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What to Know Before and After Getting Dental Inlays
You have significant damage to one or more of your teeth and you are considering getting dental inlays. Inlays are considered a conservative approach to restorative dentistry and the right choice for many patients. Before you get inlays, there are some things you need to know.
A guide to dental inlays
Inlays are used to fill large cavities or fractures inside the groves of the teeth. Inlays do not extend to the cusps of the teeth. Dentists recommend inlays when there is enough tooth structure to support the inlay, and it will provide additional support.
Preparing for inlays
Inlays are indirect fillings that are made in a laboratory and placed on the tooth. During the first visit, the dentist prepares the tooth for the inlay. The dentist removes the decay and damaged area while preserving as much of the natural tooth’s structure as possible.
Next, the dentist takes a mold of the tooth to send to a lab. This allows the lab technician to create an inlay specifically for that patient. A temporary inlay is put on the tooth to cover the hole left when the tooth was prepared. The patient will need to wear the temporary inlay for approximately one week.
Caring for a temporary inlay
Temporary inlays are secured in place. However, patients still need to take extra care. Temporary inlays are not as durable as permanent ones. If these restorations crack or fall out, the tooth’s nerves will be exposed.
Patients are encouraged to chew on the opposite side of their mouths when possible. Foods that could harm the inlay are also discouraged. Patients should not eat hard or sticky foods that could cause the inlay to crack or fall out. The temporary inlay needs to be brushed and flossed, but special care must be taken. Use a toothbrush with extra soft bristles and slide dental floss out between the teeth instead of pulling it from the top.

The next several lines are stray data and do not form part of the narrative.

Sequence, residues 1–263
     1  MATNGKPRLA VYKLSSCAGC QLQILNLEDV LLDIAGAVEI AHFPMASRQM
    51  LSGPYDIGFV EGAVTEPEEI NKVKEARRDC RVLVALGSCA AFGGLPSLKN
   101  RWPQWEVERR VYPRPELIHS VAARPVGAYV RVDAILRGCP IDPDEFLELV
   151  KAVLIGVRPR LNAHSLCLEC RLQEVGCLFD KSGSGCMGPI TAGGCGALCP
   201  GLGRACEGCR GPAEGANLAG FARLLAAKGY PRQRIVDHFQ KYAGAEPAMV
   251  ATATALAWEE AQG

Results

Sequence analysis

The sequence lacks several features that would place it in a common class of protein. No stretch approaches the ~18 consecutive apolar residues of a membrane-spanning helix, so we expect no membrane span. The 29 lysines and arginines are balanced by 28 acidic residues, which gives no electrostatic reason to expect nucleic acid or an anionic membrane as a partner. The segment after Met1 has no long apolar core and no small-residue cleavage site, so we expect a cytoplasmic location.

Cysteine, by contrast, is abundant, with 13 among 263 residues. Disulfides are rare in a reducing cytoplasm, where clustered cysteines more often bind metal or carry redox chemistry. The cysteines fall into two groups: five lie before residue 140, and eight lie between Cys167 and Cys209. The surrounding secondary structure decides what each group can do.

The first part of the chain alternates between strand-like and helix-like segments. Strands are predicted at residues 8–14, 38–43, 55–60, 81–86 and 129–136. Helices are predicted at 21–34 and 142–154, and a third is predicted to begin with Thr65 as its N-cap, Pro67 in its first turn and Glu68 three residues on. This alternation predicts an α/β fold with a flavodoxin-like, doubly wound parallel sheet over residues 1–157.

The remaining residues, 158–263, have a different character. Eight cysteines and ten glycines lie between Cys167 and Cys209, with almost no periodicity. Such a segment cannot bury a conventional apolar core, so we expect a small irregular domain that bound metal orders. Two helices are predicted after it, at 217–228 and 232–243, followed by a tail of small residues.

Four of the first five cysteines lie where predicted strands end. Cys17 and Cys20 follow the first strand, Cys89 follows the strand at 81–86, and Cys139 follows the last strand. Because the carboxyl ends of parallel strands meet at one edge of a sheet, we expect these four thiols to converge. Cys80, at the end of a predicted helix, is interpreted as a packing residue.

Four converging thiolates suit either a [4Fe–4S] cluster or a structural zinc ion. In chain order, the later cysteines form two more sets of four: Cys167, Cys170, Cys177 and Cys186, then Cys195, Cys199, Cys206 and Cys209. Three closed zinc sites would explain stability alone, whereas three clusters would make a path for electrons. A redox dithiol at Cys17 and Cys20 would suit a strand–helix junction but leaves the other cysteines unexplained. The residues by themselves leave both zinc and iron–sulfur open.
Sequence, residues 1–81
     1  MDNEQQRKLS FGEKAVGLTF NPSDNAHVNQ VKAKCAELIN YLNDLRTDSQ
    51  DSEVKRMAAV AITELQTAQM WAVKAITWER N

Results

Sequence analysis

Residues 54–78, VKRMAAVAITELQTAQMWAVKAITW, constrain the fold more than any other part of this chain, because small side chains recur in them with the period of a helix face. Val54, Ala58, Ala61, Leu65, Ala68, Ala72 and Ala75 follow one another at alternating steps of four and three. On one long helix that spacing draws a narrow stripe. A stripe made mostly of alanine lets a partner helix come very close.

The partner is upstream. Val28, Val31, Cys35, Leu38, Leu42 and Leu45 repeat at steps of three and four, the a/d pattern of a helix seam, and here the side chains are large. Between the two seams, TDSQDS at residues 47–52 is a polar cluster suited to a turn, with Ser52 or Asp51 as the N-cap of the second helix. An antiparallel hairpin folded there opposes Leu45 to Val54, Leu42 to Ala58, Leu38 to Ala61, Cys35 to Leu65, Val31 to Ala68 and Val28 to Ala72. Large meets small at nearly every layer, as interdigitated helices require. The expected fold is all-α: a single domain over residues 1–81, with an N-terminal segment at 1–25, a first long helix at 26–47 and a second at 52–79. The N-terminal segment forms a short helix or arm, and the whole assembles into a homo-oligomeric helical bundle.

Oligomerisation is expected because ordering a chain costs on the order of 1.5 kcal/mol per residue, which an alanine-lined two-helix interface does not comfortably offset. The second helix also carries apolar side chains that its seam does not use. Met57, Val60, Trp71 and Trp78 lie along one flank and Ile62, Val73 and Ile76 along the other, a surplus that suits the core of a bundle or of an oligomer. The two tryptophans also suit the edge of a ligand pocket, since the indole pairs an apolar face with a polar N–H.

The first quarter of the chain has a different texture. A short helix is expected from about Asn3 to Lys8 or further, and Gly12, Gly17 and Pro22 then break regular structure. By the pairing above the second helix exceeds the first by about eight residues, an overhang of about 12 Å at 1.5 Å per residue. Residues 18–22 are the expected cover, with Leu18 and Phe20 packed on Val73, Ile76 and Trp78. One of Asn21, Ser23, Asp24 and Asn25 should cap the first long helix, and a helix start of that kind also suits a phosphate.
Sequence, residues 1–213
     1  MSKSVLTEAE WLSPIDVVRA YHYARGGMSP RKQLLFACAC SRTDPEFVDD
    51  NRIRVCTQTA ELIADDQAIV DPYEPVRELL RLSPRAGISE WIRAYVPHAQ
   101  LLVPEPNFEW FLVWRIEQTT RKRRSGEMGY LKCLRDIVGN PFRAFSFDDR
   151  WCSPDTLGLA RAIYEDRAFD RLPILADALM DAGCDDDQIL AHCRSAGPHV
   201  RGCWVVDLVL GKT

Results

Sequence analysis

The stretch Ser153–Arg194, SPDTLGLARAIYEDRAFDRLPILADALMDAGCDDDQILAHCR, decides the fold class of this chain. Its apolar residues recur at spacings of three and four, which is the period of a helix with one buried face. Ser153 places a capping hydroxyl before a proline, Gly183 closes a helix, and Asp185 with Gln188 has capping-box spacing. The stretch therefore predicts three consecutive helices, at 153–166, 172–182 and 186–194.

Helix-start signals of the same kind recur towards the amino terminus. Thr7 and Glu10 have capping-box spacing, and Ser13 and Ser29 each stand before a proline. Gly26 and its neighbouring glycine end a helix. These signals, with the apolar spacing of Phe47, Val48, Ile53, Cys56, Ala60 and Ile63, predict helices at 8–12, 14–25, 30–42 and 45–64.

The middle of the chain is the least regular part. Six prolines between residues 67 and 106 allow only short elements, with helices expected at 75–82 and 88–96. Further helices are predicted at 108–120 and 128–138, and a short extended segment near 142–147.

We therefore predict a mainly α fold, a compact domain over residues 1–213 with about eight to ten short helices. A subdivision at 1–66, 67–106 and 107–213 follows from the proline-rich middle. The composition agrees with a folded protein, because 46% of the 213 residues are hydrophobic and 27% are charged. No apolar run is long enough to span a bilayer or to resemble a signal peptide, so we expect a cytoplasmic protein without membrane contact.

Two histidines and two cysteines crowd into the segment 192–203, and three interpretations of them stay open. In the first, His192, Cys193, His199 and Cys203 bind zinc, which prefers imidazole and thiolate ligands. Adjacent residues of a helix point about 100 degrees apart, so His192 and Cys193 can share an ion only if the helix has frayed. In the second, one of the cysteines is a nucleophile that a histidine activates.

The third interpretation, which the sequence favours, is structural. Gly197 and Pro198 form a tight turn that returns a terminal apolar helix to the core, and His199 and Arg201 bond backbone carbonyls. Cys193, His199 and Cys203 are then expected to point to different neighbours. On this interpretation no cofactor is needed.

Getting dental inlays placed
Patients go back to the dentist when their permanent restorations have arrived from the dental laboratory. The dentist begins by removing the temporary inlay and cleaning the area. Then, the permanent inlay is placed on the tooth. The dentist makes sure the fit is secure and the bite is not affected. Then, the inlay is permanently bonded to the tooth.
After getting inlays
Patients might experience some sensitivity right after getting inlays, but it should subside quickly. Inlays strengthen teeth by as much as 75 percent, so patients can resume normal function after the permeant inlay is placed. That means they can eat their favorite foods and resume a normal oral hygiene routine. Inlays can last up to 30 years. Also, since inlays protect the tooth, patients are less likely to require additional restorative work.
Getting dental inlays
If you need a dental inlay, the process will begin with a trip to the dentist. The dentist will prepare your tooth and create a mold. You will go home with a temporary inlay and come back in approximately a week to get the permanent one. Then, your smile will be restored. The process is relatively simple and you can expect your inlay to last for years and years.
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